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New flag `--noImplicitAbstractOverride` which mandates the use of `override` when implementing an abstract method

See original GitHub issue


🔍 Search Terms

flag override implicit noImplicitOverride abstract

✅ Viability Checklist

My suggestion meets these guidelines:

  • This wouldn’t be a breaking change in existing TypeScript/JavaScript code
  • This wouldn’t change the runtime behavior of existing JavaScript code
  • This could be implemented without emitting different JS based on the types of the expressions
  • This isn’t a runtime feature (e.g. library functionality, non-ECMAScript syntax with JavaScript output, new syntax sugar for JS, etc.)
  • This feature would agree with the rest of TypeScript’s Design Goals.

⭐ Suggestion

Currently, when --noImplicitOverride is enabled, overriding (or implementing) an abstract method does not require the use of keyword override.

I suggest adding a new flag --noImplicitAbstractOverride, which, when enabled in conjunction with --noImplicitOverride, will also require override when implementing an abstract method.

📃 Motivating Example

In issue #44457, @RyanCavanaugh explained the rationale behind --noImplicitOverride not covering implementing abstract methods is that --noImplicitOverride is designed to prevent typos. Since not implementing an abstract method will already result in an error, it is not necessary to let --noImplicitOverride also cover that case.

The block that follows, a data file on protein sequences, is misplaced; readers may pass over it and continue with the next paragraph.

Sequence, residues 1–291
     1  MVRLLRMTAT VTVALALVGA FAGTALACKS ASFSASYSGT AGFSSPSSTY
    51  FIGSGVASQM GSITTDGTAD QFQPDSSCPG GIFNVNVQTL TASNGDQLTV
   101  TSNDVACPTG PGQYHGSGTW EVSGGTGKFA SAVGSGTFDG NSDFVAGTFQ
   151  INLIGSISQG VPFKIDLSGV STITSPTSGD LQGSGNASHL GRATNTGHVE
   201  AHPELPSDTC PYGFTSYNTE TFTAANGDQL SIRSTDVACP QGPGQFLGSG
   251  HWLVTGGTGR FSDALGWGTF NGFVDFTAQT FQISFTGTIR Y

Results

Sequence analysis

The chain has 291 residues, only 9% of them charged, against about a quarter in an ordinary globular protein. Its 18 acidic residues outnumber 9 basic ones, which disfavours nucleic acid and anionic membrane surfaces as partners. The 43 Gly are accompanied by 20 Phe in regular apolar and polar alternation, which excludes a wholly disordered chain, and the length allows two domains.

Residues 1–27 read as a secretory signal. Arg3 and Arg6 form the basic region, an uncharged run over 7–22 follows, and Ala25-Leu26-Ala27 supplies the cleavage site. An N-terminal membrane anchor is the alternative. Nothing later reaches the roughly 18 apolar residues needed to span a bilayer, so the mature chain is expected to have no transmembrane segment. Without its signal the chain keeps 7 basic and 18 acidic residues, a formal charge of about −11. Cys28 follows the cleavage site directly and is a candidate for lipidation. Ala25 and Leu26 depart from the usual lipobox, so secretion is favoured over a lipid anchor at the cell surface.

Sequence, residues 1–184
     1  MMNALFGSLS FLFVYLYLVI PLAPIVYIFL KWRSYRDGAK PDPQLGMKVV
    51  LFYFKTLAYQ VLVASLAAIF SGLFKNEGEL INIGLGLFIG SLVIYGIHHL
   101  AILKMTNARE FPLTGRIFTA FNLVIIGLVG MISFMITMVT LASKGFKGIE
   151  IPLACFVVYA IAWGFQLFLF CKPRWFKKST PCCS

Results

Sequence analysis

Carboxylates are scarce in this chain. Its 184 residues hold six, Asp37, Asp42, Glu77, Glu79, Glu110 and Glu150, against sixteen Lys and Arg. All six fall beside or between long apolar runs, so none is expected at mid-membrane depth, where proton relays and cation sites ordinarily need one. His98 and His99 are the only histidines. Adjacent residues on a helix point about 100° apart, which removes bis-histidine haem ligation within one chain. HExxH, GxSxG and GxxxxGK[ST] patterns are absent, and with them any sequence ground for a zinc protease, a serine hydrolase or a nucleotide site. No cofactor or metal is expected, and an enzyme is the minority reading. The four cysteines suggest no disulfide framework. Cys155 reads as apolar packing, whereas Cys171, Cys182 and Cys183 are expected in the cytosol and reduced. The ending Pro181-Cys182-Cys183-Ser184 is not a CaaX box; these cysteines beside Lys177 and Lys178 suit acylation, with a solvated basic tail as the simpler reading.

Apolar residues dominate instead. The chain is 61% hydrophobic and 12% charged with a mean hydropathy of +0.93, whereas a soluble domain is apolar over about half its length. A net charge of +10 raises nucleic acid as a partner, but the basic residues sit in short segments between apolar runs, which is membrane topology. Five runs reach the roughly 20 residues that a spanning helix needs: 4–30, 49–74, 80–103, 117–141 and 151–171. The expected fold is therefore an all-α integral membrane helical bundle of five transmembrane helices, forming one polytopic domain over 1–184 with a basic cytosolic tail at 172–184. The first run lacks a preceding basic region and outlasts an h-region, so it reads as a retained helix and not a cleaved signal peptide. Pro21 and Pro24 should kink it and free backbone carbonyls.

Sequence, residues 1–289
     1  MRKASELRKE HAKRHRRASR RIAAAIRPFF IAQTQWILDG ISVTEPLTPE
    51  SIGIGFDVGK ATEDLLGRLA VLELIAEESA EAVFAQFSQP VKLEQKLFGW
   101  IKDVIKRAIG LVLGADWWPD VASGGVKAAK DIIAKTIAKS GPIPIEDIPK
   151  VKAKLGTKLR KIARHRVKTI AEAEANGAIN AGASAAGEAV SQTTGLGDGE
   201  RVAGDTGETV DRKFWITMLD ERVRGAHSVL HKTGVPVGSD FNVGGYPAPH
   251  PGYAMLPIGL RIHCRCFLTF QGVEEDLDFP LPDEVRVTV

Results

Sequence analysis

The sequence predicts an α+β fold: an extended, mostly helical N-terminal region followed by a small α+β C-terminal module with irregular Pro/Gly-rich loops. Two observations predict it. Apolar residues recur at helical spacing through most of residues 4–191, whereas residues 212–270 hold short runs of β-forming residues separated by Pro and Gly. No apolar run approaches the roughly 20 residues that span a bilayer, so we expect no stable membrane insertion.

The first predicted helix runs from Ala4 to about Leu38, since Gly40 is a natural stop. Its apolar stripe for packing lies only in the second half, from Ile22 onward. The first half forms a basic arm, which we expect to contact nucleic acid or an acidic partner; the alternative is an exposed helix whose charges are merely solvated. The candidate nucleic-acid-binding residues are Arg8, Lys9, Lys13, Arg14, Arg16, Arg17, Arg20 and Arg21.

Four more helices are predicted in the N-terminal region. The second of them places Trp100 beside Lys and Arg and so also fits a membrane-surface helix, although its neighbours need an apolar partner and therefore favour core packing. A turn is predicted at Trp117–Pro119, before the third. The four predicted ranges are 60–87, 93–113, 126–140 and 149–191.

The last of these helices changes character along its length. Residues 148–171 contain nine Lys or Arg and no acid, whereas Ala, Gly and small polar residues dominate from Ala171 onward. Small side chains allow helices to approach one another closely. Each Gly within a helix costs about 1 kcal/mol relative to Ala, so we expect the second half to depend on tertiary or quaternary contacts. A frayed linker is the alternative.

However, that is only one use case for the override keyword. In fact, I don’t think --noImplicitOverride has ever helped me catch any typo bugs that way, thanks to the modern IDE I use, which automatically fills in method names when I am about to override a method. (I am not saying it is not helpful, though.)

In my opinion, one of the most valuable functionality that override provides is explicitly telling the programmers which methods are from the the super class and which methods are new. This is especially valuable when reading code of a class in a complicated inheritance tree.

Ideally, I think such behavior should be a part of --noImplicitOverride. However, since that ship has already sailed, it seems a new flag is required.

Side note: I do realize that implementing an abstract method is technically not really overriding anything. However, by this line of reasoning, when implementing abstract methods override should be completely disallowed instead of optional.

(Hey, the person giving me thumbs down, it will be better if you can come out and explain why you don’t agree with me.)


Issue Analytics

  • State:open
  • Created 2 years ago
  • Reactions:28
  • Comments:5

github_iconTop GitHub Comments

diesal11commented, Jan 5, 2022

I found myself here after having enabled --noImplicitOverride thinking this would be the default behaviour. Would love to see this implemented in future.

frank-weindelcommented, Sep 3, 2022

I agree with this. I think the override keyword more than anything else helps inform developers that a method and its signature are specified in the base class and hence its implementation may have some influence on the class that is not readily apparent by just looking at the sub-class implementation. While override may not be actually what you’re doing in an abstract class, I still think its relatively intuitive.

Read more comments on GitHub >

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